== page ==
In His Stride: Chris’ Story

By Sylvie Leber | 26 Jun 15
sketch of a homeless person lying on a bench

Chris was sitting in the shadowy entrance of my favourite Asian “$2” shop. It was 7pm. I didn’t recognise him at first. Hunched over, sitting cross-legged on a few blankets, with his hoodie over his head, a supermarket shopping trolley towering over him half filled with possessions. Winter this year in Melbourne was a doozie. The coldest winter morning in over 100 years was only a couple of nights before.

We’d first met when it was warmer and he looked healthier and happier. We’d chatted and Chris had entertained me with his gifted beat boxing while we walked to Lentil As Anything; our local “pay as you feel” vegetarian restaurant.

“Hi. How are you?” He slowly looked up at me out of the dimness. The huge swelling on the side of his face indicated a painful gum abscess ready to burst.

“Are you sleeping here tonight?”

“Oh it’s OK. The heating from the shop’ll go on in the morning. I’m waiting for my appointment at the doctor’s.”

“Is someone picking you up?”

“No it’s just at Millennium but not for another 3 hours”

“Do you need some money?”

“I wouldn’t say no”. I handed him $5. He thanked me politely. “If I give you the $5 back can you get me some Panadol?”

“Ummm … Chemstop’s a bit far and I’m with this bunch of people …”

Chris responded quickly. “There’s a milk bar ’round the corner”.

No luck there so I went to my daughter’s favourite kebab place. They kindly gave me a couple of tablets. I returned and Chris said this wouldn’t be enough. So true. Finally, I went to the milk bar and got some Panadol. I returned triumphant. Chris looked uncertain and said “this is for back, neck and shoulders.” “It’s the same as Panadol tablets but these liquid capsules work faster. I know this shit ‘cos I used to be a biomedical scientist,” I say, grimacing awkwardly.

Years ago, I’d had the same medical complaint as Chris. I remember having to wake up my daughter, who was still a toddler then, and drive to the dental hospital. It was 15 minutes before closing but they refused to treat me. My abscess burst shortly afterwards and I had to find a 24 hour medical clinic like Chris was now doing.

“Don’t drink anything hot.”

“No I’m only drinking cold water.”

“Have you got any?” I asked.

“It’s OK I’ll get some from next door”. He was exhausted so I offered to get some from the halal grocery next door. They gave me a bottle of water for him.

“Why don’t you get a couple of hours sleep before your appointment? You could set the alarm on your mobile.”

“It’s got no charge.” Of course it had no charge.

“Maybe the shop next door’ll let you charge it?”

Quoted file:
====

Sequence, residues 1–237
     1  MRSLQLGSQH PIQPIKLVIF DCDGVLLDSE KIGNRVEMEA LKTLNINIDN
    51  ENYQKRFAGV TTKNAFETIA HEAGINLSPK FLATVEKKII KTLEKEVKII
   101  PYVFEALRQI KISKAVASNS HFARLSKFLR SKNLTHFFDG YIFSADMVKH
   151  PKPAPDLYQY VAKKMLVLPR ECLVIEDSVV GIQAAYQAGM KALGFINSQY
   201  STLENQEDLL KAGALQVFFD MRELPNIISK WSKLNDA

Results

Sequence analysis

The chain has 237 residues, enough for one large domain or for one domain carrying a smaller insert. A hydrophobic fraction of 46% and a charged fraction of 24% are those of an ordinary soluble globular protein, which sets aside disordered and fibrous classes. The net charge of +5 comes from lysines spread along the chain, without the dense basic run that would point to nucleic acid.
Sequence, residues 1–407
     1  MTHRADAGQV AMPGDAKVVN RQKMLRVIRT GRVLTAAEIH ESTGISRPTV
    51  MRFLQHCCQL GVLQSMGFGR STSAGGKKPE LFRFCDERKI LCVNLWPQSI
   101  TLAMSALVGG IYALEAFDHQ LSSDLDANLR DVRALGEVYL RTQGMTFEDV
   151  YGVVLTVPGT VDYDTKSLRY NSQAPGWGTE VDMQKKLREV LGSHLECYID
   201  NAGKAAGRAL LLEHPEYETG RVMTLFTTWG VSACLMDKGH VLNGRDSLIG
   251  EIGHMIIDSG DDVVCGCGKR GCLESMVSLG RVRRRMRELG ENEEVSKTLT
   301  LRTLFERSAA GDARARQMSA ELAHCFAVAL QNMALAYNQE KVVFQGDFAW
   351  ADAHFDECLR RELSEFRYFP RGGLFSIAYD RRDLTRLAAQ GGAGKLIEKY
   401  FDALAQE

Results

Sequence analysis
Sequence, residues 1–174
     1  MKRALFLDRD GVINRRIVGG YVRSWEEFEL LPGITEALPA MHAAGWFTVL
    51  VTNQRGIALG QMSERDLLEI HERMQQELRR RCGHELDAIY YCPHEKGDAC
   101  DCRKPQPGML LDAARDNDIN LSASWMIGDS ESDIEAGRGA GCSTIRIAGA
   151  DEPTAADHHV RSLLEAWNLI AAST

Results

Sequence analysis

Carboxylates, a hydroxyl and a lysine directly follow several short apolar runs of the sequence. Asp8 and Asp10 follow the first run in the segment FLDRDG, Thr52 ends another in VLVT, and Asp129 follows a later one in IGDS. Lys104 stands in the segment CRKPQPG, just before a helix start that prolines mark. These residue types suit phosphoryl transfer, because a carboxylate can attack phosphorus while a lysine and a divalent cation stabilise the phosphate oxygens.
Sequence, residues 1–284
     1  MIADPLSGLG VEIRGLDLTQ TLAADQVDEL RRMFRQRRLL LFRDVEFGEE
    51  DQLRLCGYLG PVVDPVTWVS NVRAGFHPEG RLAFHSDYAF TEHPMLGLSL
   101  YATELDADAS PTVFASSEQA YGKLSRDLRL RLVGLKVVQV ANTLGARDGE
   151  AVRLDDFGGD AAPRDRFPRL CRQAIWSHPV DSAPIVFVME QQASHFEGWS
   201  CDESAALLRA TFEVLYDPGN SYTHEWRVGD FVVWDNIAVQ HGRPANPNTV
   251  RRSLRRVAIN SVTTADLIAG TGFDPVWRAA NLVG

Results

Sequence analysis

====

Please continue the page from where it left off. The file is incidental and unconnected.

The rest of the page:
“Oh, they’ll be closing soon”. I’d run out of solutions.

A couple of days later I complain to friends about how the gas heater doesn’t warm up my house properly.


My daughter Colette and I had decided to check out the new hipster burger joint in Footscray. Her friend Jaqui was working there that night. The queues were long and so was the wait after ordering, so we went for a walk and ended up in Footscray Mall.

Chris is in his “night spot” along with the shopping trolley. He looks much healthier and happier tonight. His hair is short and brown and his skin is pale and smooth and looks like it’s never seen a razor. Tonight his voice is animated. As he speaks I think, “What a nice, polite young person”. He’s got a keen sense of humour and an adventurous spirit too.

We sit on the ground and join him for a chat. I introduce Chris and Colette to each other. Colette immediately connects with him. I’m not surprised.

After some light heartedness Chris recounts a macabre horror he’s witnessed and reveals some personal issues he struggles with.

Yeah, life’s not all glam when you’re likeable, talented and homeless.

As they chat I notice how resourceful Chris is. He’s got paints, brushes and canvasses on which he produces amazing Animé images some copied from his tablet. Colette gets to hear his deep bass beat boxing. “He’s good hey?” I say, like the talent scout who’s discovered the next big thing. She suggests Chris contact her friend Steve, who works at the local youth centre running their music program. We say goodbye and head off to get our now cold gourmet burgers.


One afternoon, I’m walking through the Mall and there he is, yelling angrily. I’m a bit shocked. He’s now got a small goatee beard and noticeably stained teeth.

“You look upset.”

“I’ve just been robbed of $50 at knife point.” I hand him a few dollars. He relaxes. “The workers never give me any money.” I wonder what support they do give him.

In my early 20s I came close to being homeless. I’d asked the person at reception at the Brotherhood in Fitzroy if I could speak to someone about getting some money. “We don’t hand over money to people who walk in the door and anyway there’s no one available to talk to you right now.” Then, to my surprise, she reached into her handbag and handed me $20, more than enough for me and my roommate to cover our rent for the next two weeks.

I’ve bumped into Chris a few more times. He gave me a beautiful Xmas card and I bought one of his wonderful and slightly scary pieces drawn in biro on paper. Today his picture was on the front page of our local paper. He was featured in the main story about homeless people getting free monthly haircuts. The photo shows him getting a great haircut from a tattooed, Canadian born, skateboarding barber. Chris looked older than his 22 years.

It’s hard to feel hopeful when it comes to eradicating homelessness. Current overseas research and trials indicate that on a long-term basis it is much more expensive to provide homeless people ongoing services than to give them a permanent home. Australian governments don’t seem to be interested in this evidence. When will they see homeless people as valued members of our communities?